Home » Customs & Trade » Order suspends memo requiring PH Customs Commissioner clearance for imports
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Philippine Customs Commissioner Rozzano Rufino Biazon said he recently signed an order suspending all memoranda requiring clearances from the Office of the Commissioner (OCOM) for imports of various commodities.

The announcement was met with approval by customs brokers, who claim the OCOM clearance lengthened the bureaucratic process.

With the suspension, monitoring, verification and ensuring compliance of shipments will be handled by the concerned Office of District Collectors, which in turn will report on weekly to the OCOM.

Meanwhile, amid modernization programs at the Bureau of Customs, Biazon said he sees no threat to the customs broking profession.

“I don’t see the profession being in danger,” Biazon told PortCalls Asia in an interview at the recent induction of a new set of officers and directors of the Chamber of Customs Brokers Inc. (CCBI).

The customs commissioner assured the customs brokers that as long as they are protected by law, their profession is secure.

Biazon also said the implementation of the National Single Window, an online trade facility that grants traders direct transactions with the BOC, is not a disadvantage but will make the brokers’ job easier instead through automation of transactions.

But Biazon said that if worse comes to worst, brokers can look at the customs bureau as an option.

“I think that’s one avenue that they can look at. Personally, one of the things I have in mind is implementing stricter qualification standards for customs employees, preferably people who’ve had formal training in customs administration and with practical experiences,” Biazon said, adding that with those standards, brokers will definitely fit in.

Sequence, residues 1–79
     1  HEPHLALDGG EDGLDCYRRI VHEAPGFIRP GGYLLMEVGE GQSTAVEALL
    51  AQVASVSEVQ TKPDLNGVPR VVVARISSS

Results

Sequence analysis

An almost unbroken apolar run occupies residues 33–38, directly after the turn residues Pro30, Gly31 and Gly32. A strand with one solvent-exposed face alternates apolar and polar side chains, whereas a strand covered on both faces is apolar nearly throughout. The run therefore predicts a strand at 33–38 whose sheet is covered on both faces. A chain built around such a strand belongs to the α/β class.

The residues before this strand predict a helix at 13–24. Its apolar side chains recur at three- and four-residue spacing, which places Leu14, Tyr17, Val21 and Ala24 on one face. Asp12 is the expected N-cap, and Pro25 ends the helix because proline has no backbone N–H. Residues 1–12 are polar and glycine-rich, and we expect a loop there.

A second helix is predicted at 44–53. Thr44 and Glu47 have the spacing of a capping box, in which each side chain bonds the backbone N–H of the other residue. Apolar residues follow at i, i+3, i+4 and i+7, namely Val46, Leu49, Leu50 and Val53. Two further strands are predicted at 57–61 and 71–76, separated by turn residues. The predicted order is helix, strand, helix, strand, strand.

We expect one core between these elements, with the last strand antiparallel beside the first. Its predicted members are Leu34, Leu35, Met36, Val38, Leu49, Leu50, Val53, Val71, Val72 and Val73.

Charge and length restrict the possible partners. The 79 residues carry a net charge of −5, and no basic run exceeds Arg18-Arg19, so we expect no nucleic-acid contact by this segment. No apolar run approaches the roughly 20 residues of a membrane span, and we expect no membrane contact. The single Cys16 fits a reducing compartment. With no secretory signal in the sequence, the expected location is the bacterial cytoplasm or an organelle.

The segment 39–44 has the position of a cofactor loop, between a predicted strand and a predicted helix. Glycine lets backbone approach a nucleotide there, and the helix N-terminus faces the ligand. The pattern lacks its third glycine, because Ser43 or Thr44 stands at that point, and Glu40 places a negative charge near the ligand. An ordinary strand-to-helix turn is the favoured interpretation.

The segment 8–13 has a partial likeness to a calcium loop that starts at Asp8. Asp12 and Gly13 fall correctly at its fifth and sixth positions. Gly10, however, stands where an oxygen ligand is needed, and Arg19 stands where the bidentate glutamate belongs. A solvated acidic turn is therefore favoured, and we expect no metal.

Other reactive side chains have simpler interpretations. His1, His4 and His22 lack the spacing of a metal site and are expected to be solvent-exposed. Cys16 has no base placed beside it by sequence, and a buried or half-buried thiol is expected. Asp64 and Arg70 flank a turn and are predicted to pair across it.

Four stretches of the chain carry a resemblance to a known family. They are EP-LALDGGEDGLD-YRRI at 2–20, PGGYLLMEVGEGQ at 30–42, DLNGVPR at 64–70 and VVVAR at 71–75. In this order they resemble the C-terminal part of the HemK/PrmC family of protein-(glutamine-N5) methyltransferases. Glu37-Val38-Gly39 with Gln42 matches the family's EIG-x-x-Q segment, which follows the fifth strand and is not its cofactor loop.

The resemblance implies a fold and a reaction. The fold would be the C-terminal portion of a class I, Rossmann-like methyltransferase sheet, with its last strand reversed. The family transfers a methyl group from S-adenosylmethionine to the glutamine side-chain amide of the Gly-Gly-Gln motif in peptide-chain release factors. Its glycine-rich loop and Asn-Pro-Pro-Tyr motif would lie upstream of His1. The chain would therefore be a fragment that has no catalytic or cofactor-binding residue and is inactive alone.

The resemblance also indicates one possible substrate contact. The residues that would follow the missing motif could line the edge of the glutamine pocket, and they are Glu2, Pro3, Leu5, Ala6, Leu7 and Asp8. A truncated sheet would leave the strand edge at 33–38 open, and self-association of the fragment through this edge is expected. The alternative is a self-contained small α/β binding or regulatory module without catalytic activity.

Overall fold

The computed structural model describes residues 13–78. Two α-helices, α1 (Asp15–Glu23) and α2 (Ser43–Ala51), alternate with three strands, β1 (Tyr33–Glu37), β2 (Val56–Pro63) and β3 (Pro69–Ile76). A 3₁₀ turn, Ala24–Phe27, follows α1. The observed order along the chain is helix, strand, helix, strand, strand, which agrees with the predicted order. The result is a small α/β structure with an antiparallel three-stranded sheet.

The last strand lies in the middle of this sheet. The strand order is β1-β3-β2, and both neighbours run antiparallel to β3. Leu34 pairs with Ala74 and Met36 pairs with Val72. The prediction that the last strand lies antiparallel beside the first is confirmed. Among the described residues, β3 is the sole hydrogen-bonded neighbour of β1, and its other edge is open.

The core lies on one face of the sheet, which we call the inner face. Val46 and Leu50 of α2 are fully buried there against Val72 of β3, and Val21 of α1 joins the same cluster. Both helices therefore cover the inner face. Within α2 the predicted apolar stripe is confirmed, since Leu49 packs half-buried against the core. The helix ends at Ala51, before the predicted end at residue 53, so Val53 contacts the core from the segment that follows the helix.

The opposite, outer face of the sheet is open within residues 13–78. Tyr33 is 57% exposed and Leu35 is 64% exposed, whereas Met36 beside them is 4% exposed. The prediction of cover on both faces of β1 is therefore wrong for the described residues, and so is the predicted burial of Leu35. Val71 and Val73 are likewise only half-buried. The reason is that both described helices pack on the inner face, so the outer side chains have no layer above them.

On another note, the commissioner said he hopes the new leadership of CCBI would continue to be open to engagement with the bureau.

“We hope the association or the set of officers will be able to work well with the Bureau of Customs’ leadership and organization as well. I am here to speak in behalf of our bureau that you can rest assured that we will be opening our arms and accept you in being a partner to developing the trade and the field of customs brokerage and of course in pursuing the mandate the Bureau of Customs. So let us be partners,” Biazon said.

The commissioner also dared the institution to set aside their differences and personalities and just focus what needs to be done. He said both the bureau and the organization should move as one.

“If we want to show people that we don’t deserve the tag ‘the most corrupt agency in the Philippines’, let us show by action,” he dared both his team and the brokers.

Biazon also clarified that there are no plans to abolish or privatize the bureau.

Roberta Riga, CCBI’s new president, said that under her leadership, the CCBI will cater to the needs of its constituents and perform activities that will focus not only on improving the organization’s image, but the brokers’ services as well through the group’s “Seven Points Agenda.”

The agenda is CCBI’s roadmap to protecting the profession “from any kind of intrusion”, its members and becoming an institution of professionals. It includes collaborating with “local and international organizations towards innovative and modernized trade facilitation activities”, and initiating “amendments to the CCBI by-laws to provide equal right to the freedom of suffrage among members” nationwide.

“I believe that the first quarter is a good start for the team as it gave us a chance to know each other and maximize the ideas and potentials for the betterment of the organization,” Riga said.

Other newly elected directors who will serve a two-year term are Lamberto Mindanao, Joseph Tabirara, Rogelio Villagarcia, Arnulfo Gambayan, Samson Gabisan, Dennis del Pilar, Sunny Aguila, Ariel Reyes, Jose Rommel Abac, Cris John Garcia, Albert Cruz, Girlie Perez, Roland Quiambao and Roberto Domondon.

Image courtesy of ddpavumba / FreeDigitalPhotos.net

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